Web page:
Ontario town slams proposal for nuclear-waste facility, citing safety issues

A sign marks the entrance to the Chalk River Laboratories in Chalk River, Ont., in 2012. The nearby town of Deep River has opposed a proposal to build a nuclear-waste facility at the location.SEAN KILPATRICK/THE CANADIAN PRESS

SHAWN MCCARTHYGLOBAL ENERGY REPORTERPUBLISHED AUGUST 23, 2017UPDATED AUGUST 23, 2017FOR SUBSCRIBERS 5 COMMENTS

The Town of Deep River, Ont. – home to Canada’s nuclear pioneers for 60 years – has slammed a proposal to build a near-surface nuclear-waste facility at the nearby Chalk River laboratories, saying the company appears to put its scheduling issues ahead of safety.

Government-owned, private-sector-managed Canadian Nuclear Laboratories (CNL) proposes to build a $325-million facility to dispose of a large quantity of low- and intermediate-level radioactive waste generated at the historic research centre, and to bring some waste material from other sites that it manages.

CNL is responding to widespread criticism of the project among local, pro-nuclear residents by revisiting its plan to include a small amount of intermediate-level waste at the site, Kurt Kehler, vice-president for decommissioning and waste management, said in an interview on Wednesday.

In a submission to the Canadian Nuclear Safety Commission, the Town of Deep River argued the company’s plan is flawed and that the draft environmental-impact statement that was submitted to the regulator is missing key information.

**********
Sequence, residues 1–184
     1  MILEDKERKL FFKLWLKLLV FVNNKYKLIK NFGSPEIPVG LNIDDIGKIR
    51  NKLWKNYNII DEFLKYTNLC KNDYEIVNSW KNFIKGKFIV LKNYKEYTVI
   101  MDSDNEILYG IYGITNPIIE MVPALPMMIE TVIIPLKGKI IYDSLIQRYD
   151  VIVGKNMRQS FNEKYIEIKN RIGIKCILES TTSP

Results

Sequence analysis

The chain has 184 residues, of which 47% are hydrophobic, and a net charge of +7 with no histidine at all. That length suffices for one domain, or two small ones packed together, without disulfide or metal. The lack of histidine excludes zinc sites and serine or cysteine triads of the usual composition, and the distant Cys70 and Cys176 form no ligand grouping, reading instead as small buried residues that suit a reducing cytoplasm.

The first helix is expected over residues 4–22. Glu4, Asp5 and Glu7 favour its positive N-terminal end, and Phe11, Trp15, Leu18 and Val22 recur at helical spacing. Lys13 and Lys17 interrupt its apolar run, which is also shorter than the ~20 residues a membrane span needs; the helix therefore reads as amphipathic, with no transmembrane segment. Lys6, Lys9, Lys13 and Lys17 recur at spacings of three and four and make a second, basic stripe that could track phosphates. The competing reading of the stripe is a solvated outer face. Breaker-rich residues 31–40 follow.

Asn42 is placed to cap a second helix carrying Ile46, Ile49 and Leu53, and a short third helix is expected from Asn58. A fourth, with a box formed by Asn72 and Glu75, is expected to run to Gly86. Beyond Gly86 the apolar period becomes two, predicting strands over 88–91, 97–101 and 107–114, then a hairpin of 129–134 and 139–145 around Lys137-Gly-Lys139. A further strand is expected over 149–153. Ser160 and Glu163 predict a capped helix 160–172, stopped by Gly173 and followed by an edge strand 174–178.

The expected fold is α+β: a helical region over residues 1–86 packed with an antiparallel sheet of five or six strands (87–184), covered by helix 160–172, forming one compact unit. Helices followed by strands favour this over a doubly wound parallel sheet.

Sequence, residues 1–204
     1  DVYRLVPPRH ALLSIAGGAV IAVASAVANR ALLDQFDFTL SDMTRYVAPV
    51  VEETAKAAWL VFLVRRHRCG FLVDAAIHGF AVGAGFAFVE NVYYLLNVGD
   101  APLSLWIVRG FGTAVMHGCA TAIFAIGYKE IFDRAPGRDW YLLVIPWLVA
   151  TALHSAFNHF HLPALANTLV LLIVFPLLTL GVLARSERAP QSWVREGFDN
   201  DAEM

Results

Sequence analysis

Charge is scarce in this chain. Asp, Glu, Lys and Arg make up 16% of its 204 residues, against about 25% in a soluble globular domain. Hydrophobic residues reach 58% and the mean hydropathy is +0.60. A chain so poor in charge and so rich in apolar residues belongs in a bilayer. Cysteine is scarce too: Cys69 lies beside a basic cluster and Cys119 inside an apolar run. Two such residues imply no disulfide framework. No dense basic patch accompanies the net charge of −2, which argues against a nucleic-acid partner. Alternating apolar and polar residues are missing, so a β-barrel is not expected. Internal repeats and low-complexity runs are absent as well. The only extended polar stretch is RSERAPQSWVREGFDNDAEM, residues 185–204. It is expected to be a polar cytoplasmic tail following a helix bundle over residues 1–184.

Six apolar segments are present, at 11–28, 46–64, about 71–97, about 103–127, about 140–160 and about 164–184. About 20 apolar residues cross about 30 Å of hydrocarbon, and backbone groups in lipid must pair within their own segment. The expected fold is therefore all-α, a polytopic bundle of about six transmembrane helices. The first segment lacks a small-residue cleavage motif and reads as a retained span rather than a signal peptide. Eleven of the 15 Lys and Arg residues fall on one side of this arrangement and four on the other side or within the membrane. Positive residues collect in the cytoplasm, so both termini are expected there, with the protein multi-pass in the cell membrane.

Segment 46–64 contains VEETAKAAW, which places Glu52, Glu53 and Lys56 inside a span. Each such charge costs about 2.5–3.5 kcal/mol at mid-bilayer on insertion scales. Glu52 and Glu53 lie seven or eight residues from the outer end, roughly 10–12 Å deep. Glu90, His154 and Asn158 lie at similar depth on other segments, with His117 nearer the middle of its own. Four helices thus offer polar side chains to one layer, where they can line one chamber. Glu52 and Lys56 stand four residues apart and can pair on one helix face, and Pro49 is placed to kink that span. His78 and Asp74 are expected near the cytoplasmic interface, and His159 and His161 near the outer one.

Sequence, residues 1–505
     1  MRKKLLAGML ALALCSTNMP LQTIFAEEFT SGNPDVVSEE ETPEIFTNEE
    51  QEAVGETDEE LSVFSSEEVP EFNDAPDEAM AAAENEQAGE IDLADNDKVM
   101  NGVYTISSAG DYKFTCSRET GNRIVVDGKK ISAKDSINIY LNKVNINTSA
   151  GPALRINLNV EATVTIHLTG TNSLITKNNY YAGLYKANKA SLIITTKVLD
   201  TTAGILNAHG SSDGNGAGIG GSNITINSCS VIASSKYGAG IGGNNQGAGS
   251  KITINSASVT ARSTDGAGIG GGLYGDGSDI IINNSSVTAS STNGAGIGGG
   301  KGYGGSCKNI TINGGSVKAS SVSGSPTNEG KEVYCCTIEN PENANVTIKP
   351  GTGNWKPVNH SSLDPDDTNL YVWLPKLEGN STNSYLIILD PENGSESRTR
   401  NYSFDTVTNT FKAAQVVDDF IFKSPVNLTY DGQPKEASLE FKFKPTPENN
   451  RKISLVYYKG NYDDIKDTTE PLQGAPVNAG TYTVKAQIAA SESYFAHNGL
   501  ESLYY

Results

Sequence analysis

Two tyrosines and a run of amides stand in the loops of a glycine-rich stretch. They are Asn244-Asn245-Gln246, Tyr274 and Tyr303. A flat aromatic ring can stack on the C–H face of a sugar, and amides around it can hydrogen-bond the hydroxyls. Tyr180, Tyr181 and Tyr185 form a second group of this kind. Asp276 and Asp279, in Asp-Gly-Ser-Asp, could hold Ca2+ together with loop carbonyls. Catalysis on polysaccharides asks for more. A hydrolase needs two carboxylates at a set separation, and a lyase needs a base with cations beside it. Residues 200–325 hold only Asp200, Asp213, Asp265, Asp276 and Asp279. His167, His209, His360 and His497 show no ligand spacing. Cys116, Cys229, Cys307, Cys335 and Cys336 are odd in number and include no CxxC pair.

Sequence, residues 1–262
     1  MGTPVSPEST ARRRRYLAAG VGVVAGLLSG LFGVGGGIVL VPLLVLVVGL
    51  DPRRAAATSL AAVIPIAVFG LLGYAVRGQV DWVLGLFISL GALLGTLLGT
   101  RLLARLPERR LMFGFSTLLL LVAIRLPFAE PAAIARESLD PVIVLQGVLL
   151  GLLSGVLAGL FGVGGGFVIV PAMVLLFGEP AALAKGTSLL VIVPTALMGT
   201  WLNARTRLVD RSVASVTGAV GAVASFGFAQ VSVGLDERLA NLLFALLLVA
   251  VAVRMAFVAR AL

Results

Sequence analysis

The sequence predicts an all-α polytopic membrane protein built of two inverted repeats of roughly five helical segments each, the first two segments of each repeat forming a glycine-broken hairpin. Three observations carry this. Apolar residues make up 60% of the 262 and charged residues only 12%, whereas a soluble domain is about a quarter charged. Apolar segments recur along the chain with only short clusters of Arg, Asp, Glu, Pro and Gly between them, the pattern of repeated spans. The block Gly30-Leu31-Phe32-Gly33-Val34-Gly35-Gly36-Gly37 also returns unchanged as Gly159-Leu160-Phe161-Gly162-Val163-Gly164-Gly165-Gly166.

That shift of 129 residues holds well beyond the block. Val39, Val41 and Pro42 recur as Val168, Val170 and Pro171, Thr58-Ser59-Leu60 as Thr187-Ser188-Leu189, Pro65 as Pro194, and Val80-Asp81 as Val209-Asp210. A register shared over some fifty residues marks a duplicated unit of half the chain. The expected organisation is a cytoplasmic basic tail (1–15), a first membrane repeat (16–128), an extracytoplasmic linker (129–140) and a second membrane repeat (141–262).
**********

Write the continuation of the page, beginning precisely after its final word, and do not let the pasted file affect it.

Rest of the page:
However, in an accompanying letter, Mayor Joan Lougheed said the town supports CNL’s effort to provide for the safe storage and disposal of nuclear waste. Deep River is home for many of the lab’s current and retired employees; it has a population of roughly 4,000 people, situated on the Ottawa River some 200 kilometres northwest of the national capital.

“We’re doing our due diligence and responsibility as representatives of the Town of Deep River,” Ms. Lougheed said in an interview on Wednesday. “We all have a responsibility to deal with waste and waste management.”

She said town supports the storage of low-level radioactive waste at such a near-surface site, but has concerns about the intermediate-level radioactive material that requires isolation and containment for more than several hundred years.